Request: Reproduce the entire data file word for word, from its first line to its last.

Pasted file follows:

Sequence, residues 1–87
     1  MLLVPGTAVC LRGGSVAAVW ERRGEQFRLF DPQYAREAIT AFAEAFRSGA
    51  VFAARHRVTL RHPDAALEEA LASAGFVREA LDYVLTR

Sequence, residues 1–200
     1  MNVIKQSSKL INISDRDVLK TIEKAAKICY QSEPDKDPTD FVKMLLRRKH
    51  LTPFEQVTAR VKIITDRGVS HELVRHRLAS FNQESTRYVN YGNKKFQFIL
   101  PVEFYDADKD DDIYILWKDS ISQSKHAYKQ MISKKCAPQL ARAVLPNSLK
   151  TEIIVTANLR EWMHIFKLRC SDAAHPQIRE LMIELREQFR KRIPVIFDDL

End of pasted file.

Sequence, residues 1–87
     1  MLLVPGTAVC LRGGSVAAVW ERRGEQFRLF DPQYAREAIT AFAEAFRSGA
    51  VFAARHRVTL RHPDAALEEA LASAGFVREA LDYVLTR

Sequence, residues 1–200
     1  MNVIKQSSKL INISDRDVLK TIEKAAKICY QSEPDKDPTD FVKMLLRRKH
    51  LTPFEQVTAR VKIITDRGVS HELVRHRLAS FNQESTRYVN YGNKKFQFIL
   101  PVEFYDADKD DDIYILWKDS ISQSKHAYKQ MISKKCAPQL ARAVLPNSLK
   151  TEIIVTANLR EWMHIFKLRC SDAAHPQIRE LMIELREQFR KRIPVIFDDL